This is the touching story of Whitwell, Tennessee,a small coal mining community (population 1600) outside of Chatanooga. The population is almost entirely white and entirely Christian. When the local school set out to teach children about tolerance and diversity, the teachers realized that most of the children had never seen a person from another country or faith. So the school decided to teach students about the Holocaust in Germany during World War II.
As the students tried to come to grips with the Nazi genocide, they had a hard time visualizing the magnitude of the loss of six million people. They wanted to collect six million of something to represent the people who were killed.
The students did some research and learned that the paperclip was invented in Norway and that Norwegians wore paperclips on their collars to demonstrate their sympathy for the Jews, gypsies, homosexuals, and other groups being persecuted by the Nazis. The students decided to collect six million paperclips and began writing letters to everyone they could think of to ask for help.
This documentary shows how the project grew from a classroom assignment to an event that transformed the entire community. At first, progress was slow. The teacher feared it would take the students ten years to collect 6 million paper clips. But two White House correspondents from Germany heard about the project and came to Whitwell to visit. They wrote about the school, and then the Washington Post wrote a story, and finally the network news reported on the remarkable events in Whitwell.
Millions of paperclips started to pour in from around the world. Some came with letters from Holocaust survivors, their families, American soldiers who helped to liberate the concentration camps, and celebrities from Tom Hanks to then-President Bill Clinton. Tiny Whitwell became a meeting place for people of hope from around the world. Everybody wanted to pitch in to help. A group of Holocaust survivors came to visit the school to tell their stories and the entire town turned out to welcome them.
But what makes this story — and this movie — work is not the big moments but the small ones. The documentarians don’t do anything fancy. They have the good sense to get out of the way and let the story be told by the people who lived it. The result can be a little sugary at times, but it is always honest and touching.
We see the students opening up and growing as human beings before our very eyes. A teacher admits that the project made him confront his own prejudices. A survivor says that what makes him cry is not his sadness in the camps but remembering the happiness he has had since. A hug, a look, a touch, the expressions on the young faces as they meet with people who survived the Nazi death camps and telling and touching.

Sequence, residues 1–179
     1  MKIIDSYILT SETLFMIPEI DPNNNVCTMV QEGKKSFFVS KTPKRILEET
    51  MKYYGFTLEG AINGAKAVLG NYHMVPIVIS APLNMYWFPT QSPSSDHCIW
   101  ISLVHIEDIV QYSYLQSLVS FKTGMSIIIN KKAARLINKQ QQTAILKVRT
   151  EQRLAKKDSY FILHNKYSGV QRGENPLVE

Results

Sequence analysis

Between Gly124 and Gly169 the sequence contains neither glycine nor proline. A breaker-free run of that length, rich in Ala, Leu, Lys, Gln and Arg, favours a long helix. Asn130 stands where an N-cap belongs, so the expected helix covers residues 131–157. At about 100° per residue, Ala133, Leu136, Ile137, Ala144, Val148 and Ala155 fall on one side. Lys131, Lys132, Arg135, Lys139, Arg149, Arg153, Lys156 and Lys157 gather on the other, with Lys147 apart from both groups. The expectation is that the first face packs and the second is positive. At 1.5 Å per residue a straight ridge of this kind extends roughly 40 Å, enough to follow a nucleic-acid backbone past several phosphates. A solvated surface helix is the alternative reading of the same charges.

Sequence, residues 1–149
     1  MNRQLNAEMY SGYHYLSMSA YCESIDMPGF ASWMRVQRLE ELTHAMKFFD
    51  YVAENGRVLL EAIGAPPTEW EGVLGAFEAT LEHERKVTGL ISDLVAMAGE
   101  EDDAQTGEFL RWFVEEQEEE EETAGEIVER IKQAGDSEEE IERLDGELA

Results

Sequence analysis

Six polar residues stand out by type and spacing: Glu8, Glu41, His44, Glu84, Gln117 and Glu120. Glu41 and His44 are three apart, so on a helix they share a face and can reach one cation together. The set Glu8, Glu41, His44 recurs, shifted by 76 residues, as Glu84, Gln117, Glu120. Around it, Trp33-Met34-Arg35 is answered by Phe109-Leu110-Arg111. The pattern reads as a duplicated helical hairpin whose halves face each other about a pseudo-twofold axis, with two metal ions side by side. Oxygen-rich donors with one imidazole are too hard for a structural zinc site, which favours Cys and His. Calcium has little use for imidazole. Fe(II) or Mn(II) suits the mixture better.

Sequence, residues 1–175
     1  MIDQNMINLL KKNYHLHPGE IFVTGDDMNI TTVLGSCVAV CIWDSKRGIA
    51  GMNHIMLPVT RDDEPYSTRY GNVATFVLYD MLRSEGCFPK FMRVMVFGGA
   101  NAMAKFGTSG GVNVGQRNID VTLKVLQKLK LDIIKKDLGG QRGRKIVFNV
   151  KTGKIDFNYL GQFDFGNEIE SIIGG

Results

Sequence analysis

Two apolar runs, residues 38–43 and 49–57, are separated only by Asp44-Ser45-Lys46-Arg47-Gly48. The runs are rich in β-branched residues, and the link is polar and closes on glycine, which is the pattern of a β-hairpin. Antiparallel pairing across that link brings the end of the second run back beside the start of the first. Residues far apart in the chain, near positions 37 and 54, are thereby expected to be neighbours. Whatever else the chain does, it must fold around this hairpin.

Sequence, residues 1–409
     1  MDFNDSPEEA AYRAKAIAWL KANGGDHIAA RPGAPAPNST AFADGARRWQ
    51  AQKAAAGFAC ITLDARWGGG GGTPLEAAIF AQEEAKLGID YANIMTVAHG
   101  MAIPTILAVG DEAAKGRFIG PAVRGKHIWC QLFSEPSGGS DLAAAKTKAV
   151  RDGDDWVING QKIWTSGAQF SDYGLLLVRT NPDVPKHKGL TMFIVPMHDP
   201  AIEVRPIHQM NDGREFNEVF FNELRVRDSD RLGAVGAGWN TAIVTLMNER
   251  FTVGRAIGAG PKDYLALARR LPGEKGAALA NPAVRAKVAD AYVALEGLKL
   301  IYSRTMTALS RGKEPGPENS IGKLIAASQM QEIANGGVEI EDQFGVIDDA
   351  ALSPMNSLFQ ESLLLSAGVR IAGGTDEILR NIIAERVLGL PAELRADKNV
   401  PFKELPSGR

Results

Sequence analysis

An astonishing contribution to the project arrives from Germany — on September 9, 2001, and it will be en route when the terrorist attack occurs in New York and Washington.
This is an illuminating and moving film, not about the Holocaust so much as it is about compassion, learning, respect, and change. It should be essential viewing for middle and high school students and their families.
Parents should know that while the film is rated G because it does not have any bad words or nudity, the film is about the study of the Holocaust and the topic of genocide and discrimination is a theme of the film.
Families who see this movie should talk about what the teachers say they learned from the paperclip projects. One of the students refers to the project as a “life-changing experience.” What have been your life-changing experiences?” What can you do to help make the lessons of history more meaningful to your friends and family? How will the students continue to make the project meaningful now that the collection is complete?
Families who see this movie should look at the Whitwell middle school’s website, with more information about the paperclip project. They should also visit the United States Holocaust Museum and learn about the memorial to the Holocaust martyrs and heroes at Yad Vashem.
The Holocaust History Project is one of many worthwhile internet resources for further study, and Nizkor is an exceptionally useful site that frankly and candidly addresses issues raised by people who deny that the Holocaust took place, whether through ignorance or anti-Semitism. It is an outstanding example of how to deal with any sensitive issue that is the subject of debate, addressing all questions with consideration and dignity. There can be no better evidence of credibility and integrity than this: “Nizkor believes that truth has no need for secrecy. We present the material of the Holocaust-deniers unaltered and completely openly, with links back to their web sites so that the reader may examine exactly what they say. And if and when they have a response to our work, we will of course cross-link to it, so that the reader may examine that response.”